Big Expedition for Cancer Research

From left to right: Matt Farmer, Bayard Russell, Kevin Mahoney and Dawn Glanc just below their highpoint on peak 8290', Glacier Bay National Park, AK.

This past June, after a year of preparation, Seattle’s Fred Hutchinson Cancer Research Center launched its first Big Climb to Conquer Cancer. This is a unique and unprecedented PR tool for raising awareness about the challenges of cancer research which was built on the similarities between cancer research and, not just climbing, but climbing an unclimbed objective. The unknowns, tedious hard work, sometimes overwhelming challenges and occasional successes all combine with the broader simile of knowing right where one wants to get, but not exactly how to get there. Whether the goal is finding a cure for cancer or standing on a virgin summit the path is full of dead ends, unsuspected complications, surprises and you may end up somewhere you didn’t anticipate.

The climbing team consisted of four guides, two whose home base is in Washington state and two from back east, Madison, NH. Dawn Glanc, who just won the Ouray Ice Comp, and Matt Farmer, an IFMGA mountain guide and rock solid climbing partner comprised one rope team. Kevin Mahoney, another IFMGA guide and accomplished alpinist, and I formed the other. In the end, we bailed off our route due to snow conditions, loose rock and lack of anchors. We had gotten to within a few hundred feet of the pyramidal top of the mountain known only as 8290′, and although we would have loved to stand on that summit, realty set in and we had to adapt. As is the case for cancer researchers, who in their massive task of finding a cure for cancer are faced with unforeseen complications and simply must, on occasion, start over. In either case, however, lesson are learned that may help in the future.

Breaching humpback whale.

Getting dropped off at the head of the Reid Inlet, Reid Glacier in the background. The beginning of the 16 mile approach to base camp.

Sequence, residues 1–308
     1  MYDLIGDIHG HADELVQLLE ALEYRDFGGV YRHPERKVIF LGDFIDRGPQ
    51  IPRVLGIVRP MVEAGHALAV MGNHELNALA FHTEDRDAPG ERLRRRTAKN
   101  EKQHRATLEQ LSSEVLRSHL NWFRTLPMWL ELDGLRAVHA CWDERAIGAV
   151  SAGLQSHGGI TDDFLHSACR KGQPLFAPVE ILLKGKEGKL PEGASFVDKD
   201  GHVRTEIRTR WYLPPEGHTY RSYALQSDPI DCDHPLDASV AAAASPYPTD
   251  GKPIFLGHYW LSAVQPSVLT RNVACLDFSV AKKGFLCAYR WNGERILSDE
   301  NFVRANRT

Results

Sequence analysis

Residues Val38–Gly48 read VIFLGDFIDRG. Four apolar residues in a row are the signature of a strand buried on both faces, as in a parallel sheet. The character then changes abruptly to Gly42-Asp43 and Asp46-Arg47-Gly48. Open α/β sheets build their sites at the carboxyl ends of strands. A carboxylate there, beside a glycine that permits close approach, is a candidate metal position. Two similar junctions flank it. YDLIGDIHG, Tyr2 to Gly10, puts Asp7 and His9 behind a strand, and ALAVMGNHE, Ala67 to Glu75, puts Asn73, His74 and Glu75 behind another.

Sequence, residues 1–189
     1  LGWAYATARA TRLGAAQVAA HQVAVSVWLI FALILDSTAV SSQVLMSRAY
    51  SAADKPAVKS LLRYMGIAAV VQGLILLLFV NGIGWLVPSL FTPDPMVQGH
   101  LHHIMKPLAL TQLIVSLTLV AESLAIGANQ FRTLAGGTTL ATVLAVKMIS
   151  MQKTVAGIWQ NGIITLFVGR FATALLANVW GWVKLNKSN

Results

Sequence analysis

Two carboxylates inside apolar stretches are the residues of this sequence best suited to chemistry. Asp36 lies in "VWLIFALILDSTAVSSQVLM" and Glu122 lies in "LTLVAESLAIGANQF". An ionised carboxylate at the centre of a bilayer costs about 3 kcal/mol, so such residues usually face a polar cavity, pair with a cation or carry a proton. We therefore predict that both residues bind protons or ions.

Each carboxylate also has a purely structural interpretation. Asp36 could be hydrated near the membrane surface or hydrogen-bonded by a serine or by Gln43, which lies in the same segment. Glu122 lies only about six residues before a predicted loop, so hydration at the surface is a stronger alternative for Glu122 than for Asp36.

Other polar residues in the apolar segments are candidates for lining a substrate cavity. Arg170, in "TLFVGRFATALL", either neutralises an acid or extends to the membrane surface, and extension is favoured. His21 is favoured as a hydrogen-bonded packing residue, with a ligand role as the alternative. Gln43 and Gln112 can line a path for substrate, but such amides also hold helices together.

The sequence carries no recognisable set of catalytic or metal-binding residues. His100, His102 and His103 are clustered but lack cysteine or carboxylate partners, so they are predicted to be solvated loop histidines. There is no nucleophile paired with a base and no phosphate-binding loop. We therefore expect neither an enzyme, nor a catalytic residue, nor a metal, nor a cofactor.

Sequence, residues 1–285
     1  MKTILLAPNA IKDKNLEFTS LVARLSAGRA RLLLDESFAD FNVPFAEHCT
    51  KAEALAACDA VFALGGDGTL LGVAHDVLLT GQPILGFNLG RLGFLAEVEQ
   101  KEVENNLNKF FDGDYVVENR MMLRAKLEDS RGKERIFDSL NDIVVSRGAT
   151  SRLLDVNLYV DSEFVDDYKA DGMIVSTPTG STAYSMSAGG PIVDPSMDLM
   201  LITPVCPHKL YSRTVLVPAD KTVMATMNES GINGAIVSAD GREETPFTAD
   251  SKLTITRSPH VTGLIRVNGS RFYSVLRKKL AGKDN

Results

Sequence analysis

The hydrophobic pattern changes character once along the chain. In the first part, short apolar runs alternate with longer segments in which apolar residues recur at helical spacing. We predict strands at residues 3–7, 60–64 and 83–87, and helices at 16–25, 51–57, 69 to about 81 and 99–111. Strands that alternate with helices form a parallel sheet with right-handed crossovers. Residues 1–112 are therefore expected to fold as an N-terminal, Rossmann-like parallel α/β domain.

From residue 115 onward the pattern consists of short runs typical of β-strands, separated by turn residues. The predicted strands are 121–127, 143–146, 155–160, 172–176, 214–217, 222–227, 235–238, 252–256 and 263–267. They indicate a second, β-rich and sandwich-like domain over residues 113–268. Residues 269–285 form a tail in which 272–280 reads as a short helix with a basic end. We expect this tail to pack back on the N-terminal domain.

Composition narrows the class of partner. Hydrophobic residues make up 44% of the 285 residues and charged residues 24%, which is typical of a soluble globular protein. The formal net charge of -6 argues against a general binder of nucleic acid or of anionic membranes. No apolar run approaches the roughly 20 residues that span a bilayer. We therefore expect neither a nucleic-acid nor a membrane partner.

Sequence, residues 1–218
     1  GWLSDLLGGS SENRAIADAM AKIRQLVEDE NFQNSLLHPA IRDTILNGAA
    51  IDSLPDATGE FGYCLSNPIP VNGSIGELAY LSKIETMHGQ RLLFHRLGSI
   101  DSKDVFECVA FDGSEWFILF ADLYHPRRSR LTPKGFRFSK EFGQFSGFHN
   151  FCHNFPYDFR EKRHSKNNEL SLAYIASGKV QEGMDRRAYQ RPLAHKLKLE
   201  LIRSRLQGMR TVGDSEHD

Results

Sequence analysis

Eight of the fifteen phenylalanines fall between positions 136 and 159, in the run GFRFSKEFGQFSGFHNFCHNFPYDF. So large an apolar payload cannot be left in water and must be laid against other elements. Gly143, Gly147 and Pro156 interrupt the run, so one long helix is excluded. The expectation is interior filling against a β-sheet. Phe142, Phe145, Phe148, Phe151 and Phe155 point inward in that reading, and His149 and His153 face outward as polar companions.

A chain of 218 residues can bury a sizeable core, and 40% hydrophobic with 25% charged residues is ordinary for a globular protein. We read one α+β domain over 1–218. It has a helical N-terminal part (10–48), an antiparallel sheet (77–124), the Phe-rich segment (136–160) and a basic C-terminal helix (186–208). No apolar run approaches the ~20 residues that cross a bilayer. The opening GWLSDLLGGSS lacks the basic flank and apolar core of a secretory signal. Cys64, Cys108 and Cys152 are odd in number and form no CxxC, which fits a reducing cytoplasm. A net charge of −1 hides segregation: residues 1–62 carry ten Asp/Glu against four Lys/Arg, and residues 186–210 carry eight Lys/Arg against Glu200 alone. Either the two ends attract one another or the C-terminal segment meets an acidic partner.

Dawn hauling one of three loads up onto the ice on our first day.

Grizzly bear tracks.

More grizzly tracks, this time eight miles from the beach.

Taking a break with our objective, 8290', in the background. Its the pointy summit directly above Dawn's head (pink hat).

Farmer skinning up to the col that separated our basecamp from 8290'.

We climbed in relative darkness, so the only actions shots are of the descent. Bayard and Kevin down climbing, Kevin is in the background.

More down climbing, Kevin and Bayard.

The base of the ridge we attempted, 3/4's of us assembled.

Heading home in perfect travel conditions.

Our last night on the glacier was beautiful, Glacier Bay in the background.

Kevin and Farmer relaxing on our way out of the Reid Inlet, starting the fifty mile boat ride across Glacier Bay and back to civilization.

Neighborhood Craggin

On the most blustery of days its time to go mixed climbing. It just works out that a surprising amount of the single pitch mixed crags we frequent are sunny, and sheltered from the NW wind that tears across NH this time of year. Its perfect. Hike out in a pair of warm Sorels, slip on some “fruitboots” and have some fun in the sun, knowing full well you could be shivering in the wind while your partner rains down hunks of brittle ice.

Neighbors Kevin Mahoney, Freddy Wilkinson and I spend a lot of these days at the local crag, tucked into the hills of East Madison, NH on Kevin’s family’s own land. Today, down there in the sun, the climbing was comfortable and the ice was growing, despite the single digit temperatures.

Freddy Wilkinson on an unamed mixed route, Toko Crag.

Cathedral Style?

In a town surrounded by dozens of crags you only have to tell a North Conway local, “meet me at The Cliff” and they’ll know right where to go. And getting there is easy; park a few hundred feet from your route, or drive right to the top. Convenient it is, but Cathedral Ledge is also packed with more than its fair share of year round adventure.

Bayard on Black Crack, Cathedral Ledge (NEI 5+ M7+)

Its the hub and a better home crag couldn’t exist. Its where folks figure out how to make an anchor, handjamb, use their feet, fiddle in a nests’ of RP’s, and finally, how to go for it. The climbing is cerebral and technical in the summer and it retains those qualities throughout the winter, but with the added excitement of verglas, spindrift and the heavy metal rhythm of steep, fat, blue ice.

A long climbing history and a passionate group of devoted locals form the backdrop to the slabs and cracks of the cliff. The community is real, hardworking and littered with characters. Its a hard group to leave, and it’s open to whomever is ready to trade an ordinary existence for a climbing life in a place without ready made careers. On a summer evening after a route and after dark, you sit and have a beer in the dirt with three generations of climbers who have made similar decisions and sacrifices for this way of life.

Anne Skidmore photo of Bayard on LA Bubblebath (5.11d), Cathedral Ledge

“Cathedral style” is a way we describe a type of thin, balancey, thought provoking climbing with fidgety gear and technical sequences. Its old school and usually less than vertical. But, when away on a climbing trip and a friend tells you, “don’t worry the next pitch is Cathedral style, you’ll be fine,” more than just the slow, cerebral tic-tac of Cathedral Ledge footwork comes to mind. I think of summer nights, great belay ledges and PBR in the parking lot with friends.